In business, insolvency proceedings can be initiated by another company that has become insolvent (the "Debtor Company"). In these situations it is important to be diligent about protecing your financial interests. In this article, Jeff Moroz outlines some of the specific interests that have been addressed in recent insolvency proceedings in Alberta.
Matters to keep in mind in Insolvency Proceedings
Formal insolvency proceedings may be looked at as consisting of three separate filings:
- A filing for protection under the Companies Creditors Arrangement Act (“CCAA”) by the Debtor Company
- The appointment of a Receiver or Receiver/ Manager over the assets of the Debtor Company by a creditor
- The assignment or petition into Bankruptcy by the Debtor Company or a creditor
Construction Services Companies
As an example, as a provider of construction services, your company may receive notice that the Debtor Company has entered into CCAA, Receivership or Bankruptcy Proceedings. If this occurs, it is important to take steps immediately to protect your position. This may often involve the filing of Builders’ Lien within the strict timelines that apply to such a filing. It is also very important to make the filing against the appropriate Lands of the Debtor Company, if applicable. The usual CCAA Initial Order or Receivership Order will halt further legal proceedings against the Debtor Company. However, these Orders will usually allow the proceedings to continue in order to meet the tight timelines of a Builders’ Lien filing. The filing of a Builders’ Lien may elevate your company to a secured creditor position and may also enhance your prospects of recovery from the Debtor Company.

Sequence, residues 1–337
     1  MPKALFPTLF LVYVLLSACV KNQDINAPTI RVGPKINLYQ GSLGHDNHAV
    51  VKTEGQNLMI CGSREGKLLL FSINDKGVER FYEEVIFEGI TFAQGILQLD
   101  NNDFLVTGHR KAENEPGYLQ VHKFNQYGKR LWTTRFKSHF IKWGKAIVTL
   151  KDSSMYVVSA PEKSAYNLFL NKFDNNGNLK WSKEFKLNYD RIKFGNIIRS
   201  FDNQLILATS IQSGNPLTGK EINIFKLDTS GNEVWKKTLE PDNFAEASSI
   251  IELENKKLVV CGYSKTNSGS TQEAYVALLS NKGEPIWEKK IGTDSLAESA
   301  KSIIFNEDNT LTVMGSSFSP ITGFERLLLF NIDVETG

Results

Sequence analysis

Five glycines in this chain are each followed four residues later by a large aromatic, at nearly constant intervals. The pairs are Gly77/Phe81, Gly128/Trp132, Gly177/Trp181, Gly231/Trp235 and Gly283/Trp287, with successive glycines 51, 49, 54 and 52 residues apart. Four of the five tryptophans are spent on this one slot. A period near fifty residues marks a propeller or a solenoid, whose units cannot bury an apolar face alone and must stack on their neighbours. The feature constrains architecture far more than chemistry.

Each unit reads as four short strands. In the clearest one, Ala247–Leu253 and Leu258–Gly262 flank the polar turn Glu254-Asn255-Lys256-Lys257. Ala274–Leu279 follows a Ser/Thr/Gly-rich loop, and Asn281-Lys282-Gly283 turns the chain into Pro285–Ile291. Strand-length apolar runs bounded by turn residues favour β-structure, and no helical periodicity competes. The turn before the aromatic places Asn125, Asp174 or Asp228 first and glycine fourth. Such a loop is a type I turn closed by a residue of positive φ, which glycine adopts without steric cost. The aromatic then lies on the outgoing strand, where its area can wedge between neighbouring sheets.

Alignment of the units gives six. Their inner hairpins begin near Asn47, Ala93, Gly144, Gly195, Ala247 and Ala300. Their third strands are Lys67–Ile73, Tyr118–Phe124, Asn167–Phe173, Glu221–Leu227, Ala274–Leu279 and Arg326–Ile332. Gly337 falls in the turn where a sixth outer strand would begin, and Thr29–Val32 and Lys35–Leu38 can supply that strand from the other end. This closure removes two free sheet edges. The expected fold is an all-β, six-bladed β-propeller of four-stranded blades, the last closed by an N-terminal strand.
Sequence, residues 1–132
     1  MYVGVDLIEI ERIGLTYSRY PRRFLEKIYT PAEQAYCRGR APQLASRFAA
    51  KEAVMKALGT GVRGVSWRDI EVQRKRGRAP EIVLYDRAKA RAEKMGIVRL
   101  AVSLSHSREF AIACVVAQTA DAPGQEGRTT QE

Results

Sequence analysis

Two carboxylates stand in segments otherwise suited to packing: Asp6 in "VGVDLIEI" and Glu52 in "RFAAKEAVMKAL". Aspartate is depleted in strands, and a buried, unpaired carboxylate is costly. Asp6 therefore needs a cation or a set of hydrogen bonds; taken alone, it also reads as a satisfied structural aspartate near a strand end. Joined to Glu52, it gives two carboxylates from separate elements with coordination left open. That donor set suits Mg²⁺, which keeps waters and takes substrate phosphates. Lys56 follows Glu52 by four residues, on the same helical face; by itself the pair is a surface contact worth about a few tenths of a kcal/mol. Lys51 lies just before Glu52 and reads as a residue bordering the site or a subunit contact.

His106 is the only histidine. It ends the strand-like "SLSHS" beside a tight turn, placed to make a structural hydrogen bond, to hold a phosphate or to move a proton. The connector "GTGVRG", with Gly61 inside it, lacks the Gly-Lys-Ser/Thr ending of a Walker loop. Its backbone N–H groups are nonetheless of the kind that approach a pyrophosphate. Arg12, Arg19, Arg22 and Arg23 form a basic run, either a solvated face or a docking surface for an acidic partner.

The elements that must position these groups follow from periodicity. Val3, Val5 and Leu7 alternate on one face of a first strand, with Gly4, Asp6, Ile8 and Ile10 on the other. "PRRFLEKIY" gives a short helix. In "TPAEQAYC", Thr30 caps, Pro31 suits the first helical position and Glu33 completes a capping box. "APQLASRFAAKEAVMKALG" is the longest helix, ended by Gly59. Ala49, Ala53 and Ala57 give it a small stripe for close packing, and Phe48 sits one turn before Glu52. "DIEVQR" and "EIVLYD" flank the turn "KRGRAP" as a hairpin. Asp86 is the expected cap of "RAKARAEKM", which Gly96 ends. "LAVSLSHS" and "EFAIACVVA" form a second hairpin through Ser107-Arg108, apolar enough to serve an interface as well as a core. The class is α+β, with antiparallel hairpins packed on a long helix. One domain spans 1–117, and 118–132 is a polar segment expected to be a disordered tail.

Recently, there was a complicated Receivership process involving the Pacer/ Promec group of companies. There were a number of Builders’ Liens filed. We acted for a Builders’ Lien claimant and filed the Builders’ Lien, along with subsequent negotiation with the Monitor. These early steps in the process allowed for a successful recovery for our client.
The moral of this story is that a filing in CCAA, Receivership or Bankruptcy does not necessarily mean that your company is out of luck with recovery, it means that you must take action promptly at the outset of the process and throughout.
Proof of Claim Process
There are several situations where corporations become insolvent and each insolvency proceeding will have its own unique characteristics.
For example, our firm recently acted on a matter involving a large group of holders of life-lease interests that were met with a CCAA process when the owner of the lands, which were subject to the life-leases, became insolvent. The Proof of Claim process can become very complicated in these types of situations. We were able to help our clients navigate through the process and obtain a very good recovery in the circumstances.
The above are only a couple of examples of a construction and lease-related scenario. There are many situations where a creditor of a Debtor Company entering into Insolvency Proceedings may be able to place itself in a better position by taking the appropriate steps early on in the process.
If you receive formal notice or become aware of Insolvency Proceedings, it is important to understand your legal position.